Note that the xvals parameter in this case is a set of indices into the @xvals array. Effectively, it selects 'size' rows from the Cauchy matrix described by [ @xvals, @yvals ] and inverts that matrix.

This uses an algorithm described in volume 1 of Knuth's "The Art of Computer Programming", which should run faster than the regular Gaussian elimination method implemented by the invert method.


Create a Vandermonde matrix from a list of x values

      new_vandermonde(width => 1, org => "rowwise",
                      xvals => [ 0..6 ],  # 7 rows
                      cols   => 3,

For each x_i value, creates a row of the form:

        |     0    1    2          cols-1  |
        |   x    x    x   ...    x         |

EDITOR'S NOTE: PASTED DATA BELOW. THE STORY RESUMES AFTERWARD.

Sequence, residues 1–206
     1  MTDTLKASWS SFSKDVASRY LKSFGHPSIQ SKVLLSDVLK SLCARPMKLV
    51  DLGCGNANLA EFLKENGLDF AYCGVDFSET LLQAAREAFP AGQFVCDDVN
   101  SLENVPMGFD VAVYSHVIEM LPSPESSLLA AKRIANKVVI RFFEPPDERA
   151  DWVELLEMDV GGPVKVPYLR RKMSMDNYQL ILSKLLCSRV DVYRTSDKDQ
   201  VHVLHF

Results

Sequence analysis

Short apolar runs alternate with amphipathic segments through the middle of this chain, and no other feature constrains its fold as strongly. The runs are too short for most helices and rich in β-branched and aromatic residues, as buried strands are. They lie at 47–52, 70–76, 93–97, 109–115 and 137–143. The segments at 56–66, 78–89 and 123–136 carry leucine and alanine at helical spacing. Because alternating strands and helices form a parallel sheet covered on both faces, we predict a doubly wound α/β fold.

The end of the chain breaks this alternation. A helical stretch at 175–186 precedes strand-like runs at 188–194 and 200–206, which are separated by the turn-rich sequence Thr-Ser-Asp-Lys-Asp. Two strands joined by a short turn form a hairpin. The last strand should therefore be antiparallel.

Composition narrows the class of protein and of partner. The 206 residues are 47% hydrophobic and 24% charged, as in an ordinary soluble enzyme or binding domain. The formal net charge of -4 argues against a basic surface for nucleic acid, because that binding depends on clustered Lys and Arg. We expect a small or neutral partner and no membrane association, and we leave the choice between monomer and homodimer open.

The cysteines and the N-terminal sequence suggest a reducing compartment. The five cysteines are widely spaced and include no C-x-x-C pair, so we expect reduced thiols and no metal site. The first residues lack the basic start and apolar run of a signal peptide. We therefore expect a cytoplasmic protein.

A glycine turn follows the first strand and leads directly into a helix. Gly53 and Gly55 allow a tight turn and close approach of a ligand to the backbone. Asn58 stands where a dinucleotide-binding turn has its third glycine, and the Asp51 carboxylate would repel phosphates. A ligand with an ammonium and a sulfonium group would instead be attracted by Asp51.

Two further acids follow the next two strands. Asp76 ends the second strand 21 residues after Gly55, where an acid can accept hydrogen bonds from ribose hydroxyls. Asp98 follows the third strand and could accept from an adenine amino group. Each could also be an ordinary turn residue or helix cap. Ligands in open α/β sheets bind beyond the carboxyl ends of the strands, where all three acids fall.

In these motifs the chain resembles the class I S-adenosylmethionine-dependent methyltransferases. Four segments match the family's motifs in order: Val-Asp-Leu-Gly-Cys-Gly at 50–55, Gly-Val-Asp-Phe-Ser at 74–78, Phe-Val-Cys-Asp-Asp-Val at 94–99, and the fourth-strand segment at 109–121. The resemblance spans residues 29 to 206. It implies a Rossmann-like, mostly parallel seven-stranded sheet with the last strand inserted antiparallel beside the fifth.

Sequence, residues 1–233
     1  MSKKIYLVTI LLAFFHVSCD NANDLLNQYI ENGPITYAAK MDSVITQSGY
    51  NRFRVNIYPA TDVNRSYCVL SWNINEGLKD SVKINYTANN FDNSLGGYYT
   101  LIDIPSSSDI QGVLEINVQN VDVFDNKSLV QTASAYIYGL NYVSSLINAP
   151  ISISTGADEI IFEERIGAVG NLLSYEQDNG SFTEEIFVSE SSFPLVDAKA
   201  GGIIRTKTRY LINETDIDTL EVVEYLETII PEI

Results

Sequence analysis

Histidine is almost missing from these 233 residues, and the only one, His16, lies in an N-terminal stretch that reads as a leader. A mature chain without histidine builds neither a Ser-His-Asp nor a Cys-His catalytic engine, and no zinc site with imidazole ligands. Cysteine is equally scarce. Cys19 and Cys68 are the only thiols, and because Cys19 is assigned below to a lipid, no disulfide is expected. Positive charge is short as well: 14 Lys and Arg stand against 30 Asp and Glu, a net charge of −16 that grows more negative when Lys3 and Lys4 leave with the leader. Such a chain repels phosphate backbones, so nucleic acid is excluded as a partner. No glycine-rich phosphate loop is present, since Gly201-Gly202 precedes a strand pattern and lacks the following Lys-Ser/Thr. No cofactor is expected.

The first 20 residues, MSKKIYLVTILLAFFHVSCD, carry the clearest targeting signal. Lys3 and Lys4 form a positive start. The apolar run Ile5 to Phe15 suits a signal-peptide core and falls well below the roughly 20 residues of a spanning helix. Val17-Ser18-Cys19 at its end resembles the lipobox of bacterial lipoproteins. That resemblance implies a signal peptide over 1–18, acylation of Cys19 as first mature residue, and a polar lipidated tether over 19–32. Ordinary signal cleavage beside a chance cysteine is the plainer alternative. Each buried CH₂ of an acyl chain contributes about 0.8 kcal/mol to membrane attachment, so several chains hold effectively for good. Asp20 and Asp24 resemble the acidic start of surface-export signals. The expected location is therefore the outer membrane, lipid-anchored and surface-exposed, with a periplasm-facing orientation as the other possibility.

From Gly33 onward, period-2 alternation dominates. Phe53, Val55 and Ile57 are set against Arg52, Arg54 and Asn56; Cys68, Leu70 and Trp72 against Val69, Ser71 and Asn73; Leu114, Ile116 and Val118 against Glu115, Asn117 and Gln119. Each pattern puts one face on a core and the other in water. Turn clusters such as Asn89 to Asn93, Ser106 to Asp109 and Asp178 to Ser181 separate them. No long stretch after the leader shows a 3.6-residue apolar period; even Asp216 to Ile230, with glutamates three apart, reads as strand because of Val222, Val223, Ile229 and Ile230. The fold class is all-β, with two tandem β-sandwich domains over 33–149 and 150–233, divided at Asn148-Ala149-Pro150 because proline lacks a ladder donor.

|    i    i    i          i        |

If all the x_i values in the list are distinct, then, like the Cauchy matrix above, taking any 'cols' subset of rows from the matrix gives you an invertible matrix. This is the form of matrix generally used for Reed-Solomon error-correcting codes.

To create the inverse of some cols x cols submatrix, just use the standard invert method on it.


The copy method copy of some or all elements of an existing matrix. The template for a call, showing the default values of all parameters is as follows:

 $new_matrix = $m->copy(
         rows => undef,         # [ $row1, $row2, ... ]
         cols => undef,         # [ $col1, $col2, ... ]
         submatrix => undef,    # [ $row1, $col1, $row2, $col2 ]